need to be sure that the cell in which you type the IRR formula is formatted in a way
that allows you to see several decimal places. Otherwise, Excel may round off the
YTM and you will not know it.

ST4-3 Two bonds offer a 5 per cent coupon rate, paid annually, and sell at par
(1000). One bond matures in two years and the other matures in ten years.
a What are the YTMs on each bond?
b If the YTM changes to 4 per cent, what happens to the price of each bond?
c What happens if the YTM changes to 6 per cent?
Answer ST4-3

Because the bonds currently sell at par, the coupon rate and the YTM must be equal
at 5 per cent. If the YTM drops to 4 per cent, both bonds will sell at a premium,

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but the price of the ten-year bond will increase more than the price of the two-year
bond.

1

P2yr  50

1
(1  0.04)2
 1000 2
0.04
(1  0.04)

 94.30  924.56  1018.86

1

P10yr  50

1
(1  0.04)10
1000

0.04
(1  0.04)10

 405.55  675.56  1081.11


Repeating the calculations above at r  0.06 we find that the two-year bonds price
falls to 981.67 and the ten-year bonds price falls to 926.40. This illustrates that
long-term bond prices are more sensitive to changes in interest rates than are shortterm bond prices.

Chapter 5 Valuing Shares


ST5-1 Omega Healthcare Investors (ticker symbol, OHI) pays a dividend on its
Series B preference shares of $0.539 per quarter. If the price of Series B
preference shares is $25 per share, what quarterly rate of return does the
market require on this share, and what is the effective annual required return?
Answer ST5-1

The preference share valuation formula says that the price equals the dividend divided
by the required rate of return. Therefore, using the quarterly dividend and the quarterly
required rate, we have
$25  $0.539/r
r  0.02156
This means that the effective annual required rate on the stock equals
(1.02156)4 1  0.089 or 8.9%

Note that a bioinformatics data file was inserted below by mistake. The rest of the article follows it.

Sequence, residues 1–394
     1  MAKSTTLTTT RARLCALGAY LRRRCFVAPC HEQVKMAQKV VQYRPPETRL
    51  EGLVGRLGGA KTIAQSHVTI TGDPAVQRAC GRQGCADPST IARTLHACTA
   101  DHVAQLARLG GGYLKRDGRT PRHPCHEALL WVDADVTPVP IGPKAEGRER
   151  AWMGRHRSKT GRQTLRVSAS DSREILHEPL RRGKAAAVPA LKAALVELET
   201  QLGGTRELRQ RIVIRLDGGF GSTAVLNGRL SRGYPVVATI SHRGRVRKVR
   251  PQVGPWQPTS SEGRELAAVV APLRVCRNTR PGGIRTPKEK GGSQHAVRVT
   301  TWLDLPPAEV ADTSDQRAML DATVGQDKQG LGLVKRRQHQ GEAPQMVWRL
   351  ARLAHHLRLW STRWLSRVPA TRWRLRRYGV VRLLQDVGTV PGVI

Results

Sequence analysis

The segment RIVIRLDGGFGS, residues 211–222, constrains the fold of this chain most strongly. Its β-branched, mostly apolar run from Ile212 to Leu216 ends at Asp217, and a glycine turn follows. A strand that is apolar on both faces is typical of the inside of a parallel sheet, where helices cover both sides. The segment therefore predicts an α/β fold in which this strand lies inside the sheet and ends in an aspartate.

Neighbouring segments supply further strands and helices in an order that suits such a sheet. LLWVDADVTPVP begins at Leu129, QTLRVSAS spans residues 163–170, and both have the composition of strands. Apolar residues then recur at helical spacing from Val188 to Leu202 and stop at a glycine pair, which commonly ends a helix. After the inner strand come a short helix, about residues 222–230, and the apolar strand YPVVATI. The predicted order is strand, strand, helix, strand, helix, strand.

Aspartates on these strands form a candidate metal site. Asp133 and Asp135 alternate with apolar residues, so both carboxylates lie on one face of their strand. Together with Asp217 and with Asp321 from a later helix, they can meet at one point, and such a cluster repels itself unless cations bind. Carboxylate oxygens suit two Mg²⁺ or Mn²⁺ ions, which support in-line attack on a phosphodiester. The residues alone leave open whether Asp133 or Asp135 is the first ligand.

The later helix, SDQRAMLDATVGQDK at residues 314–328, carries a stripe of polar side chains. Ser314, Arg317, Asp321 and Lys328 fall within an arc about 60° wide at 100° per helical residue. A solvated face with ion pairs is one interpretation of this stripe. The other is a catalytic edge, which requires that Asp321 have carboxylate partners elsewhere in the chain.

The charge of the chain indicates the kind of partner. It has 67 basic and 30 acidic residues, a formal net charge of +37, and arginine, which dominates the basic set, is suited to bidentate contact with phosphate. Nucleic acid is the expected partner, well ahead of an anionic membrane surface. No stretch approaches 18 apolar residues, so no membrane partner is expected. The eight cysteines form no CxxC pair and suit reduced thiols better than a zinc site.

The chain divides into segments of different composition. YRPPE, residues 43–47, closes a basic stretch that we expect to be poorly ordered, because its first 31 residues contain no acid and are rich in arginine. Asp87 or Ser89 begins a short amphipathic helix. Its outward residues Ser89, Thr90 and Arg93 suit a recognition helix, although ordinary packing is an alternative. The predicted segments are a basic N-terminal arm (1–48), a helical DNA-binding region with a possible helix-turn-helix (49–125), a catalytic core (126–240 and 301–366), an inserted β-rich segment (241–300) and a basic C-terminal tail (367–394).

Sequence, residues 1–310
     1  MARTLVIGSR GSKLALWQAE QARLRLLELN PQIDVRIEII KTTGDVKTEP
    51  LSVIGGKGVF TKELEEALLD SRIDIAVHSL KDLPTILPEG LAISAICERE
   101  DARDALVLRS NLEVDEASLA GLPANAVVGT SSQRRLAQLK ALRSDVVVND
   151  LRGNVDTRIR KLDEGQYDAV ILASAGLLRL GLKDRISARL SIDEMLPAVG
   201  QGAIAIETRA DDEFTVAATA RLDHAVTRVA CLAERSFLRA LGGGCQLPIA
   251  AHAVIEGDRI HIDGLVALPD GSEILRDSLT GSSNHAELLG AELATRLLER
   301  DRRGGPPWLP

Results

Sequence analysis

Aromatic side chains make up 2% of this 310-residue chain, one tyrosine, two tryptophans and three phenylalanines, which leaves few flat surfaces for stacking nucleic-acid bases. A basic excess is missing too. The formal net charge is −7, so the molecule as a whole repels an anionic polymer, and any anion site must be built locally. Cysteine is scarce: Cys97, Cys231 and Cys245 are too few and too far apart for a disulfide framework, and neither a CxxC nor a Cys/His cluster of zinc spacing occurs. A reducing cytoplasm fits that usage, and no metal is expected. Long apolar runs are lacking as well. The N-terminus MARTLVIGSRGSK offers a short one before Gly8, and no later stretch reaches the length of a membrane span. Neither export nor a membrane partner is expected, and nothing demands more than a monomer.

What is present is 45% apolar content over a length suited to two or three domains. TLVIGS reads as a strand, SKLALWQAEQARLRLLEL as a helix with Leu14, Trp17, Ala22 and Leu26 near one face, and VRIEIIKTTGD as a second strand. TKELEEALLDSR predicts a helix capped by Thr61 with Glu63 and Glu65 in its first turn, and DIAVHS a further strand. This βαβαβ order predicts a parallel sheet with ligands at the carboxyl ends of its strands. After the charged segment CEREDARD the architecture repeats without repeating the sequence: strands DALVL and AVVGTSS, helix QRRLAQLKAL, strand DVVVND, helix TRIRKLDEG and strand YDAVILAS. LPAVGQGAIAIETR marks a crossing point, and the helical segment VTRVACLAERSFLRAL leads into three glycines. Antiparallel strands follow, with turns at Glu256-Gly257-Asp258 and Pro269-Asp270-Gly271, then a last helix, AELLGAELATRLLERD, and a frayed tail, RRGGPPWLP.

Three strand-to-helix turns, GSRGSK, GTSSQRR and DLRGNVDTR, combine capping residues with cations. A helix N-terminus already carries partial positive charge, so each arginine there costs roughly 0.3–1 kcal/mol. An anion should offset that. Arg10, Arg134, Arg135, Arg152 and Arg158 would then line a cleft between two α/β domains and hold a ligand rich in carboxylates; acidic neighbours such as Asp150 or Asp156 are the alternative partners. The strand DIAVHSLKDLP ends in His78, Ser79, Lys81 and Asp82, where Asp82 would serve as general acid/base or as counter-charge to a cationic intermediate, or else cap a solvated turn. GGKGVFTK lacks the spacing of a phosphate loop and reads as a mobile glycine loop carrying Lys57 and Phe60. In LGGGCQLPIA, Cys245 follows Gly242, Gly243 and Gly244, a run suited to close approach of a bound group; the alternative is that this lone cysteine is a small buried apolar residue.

ST5-2 The restaurant chain Applebees International, Inc. (ticker symbol, APPB)
announced an increase of their quarterly dividend from $0.06 to $0.07 per
share in December 2003. This continued a long string of dividend increases.
Applebees was one of few companies that had managed to increase its dividend
at a double-digit clip for more than a decade. Suppose you want to use the
dividend growth model to value Applebees shares. You believe that dividends
will keep growing at 10 per cent per year indefinitely, and you think the
markets required return on this share is 11 per cent. Lets assume that
Applebees pays dividends annually and that the next dividend is expected
to be $0.31 per share. The dividend will arrive in exactly one year. What

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would you pay for Applebees shares right now? Suppose you buy the
shares today, hold them just long enough to receive the next dividend, and
then sell them. What rate of return will you earn on that investment?
Answer ST5-2

To calculate the price of the shares now, we simply divide next years expected
dividend, $0.31, by the difference between the required rate of return and the
dividend growth rate. This yields a price of $0.31  (0.11  0.10)  $31.00. Next,
we have to calculate the expected price a year from now after the $0.31 dividend has
been paid. To do that, we need an estimate of the dividend two years in the
future. If next years dividend is $0.31, then the following years dividend should be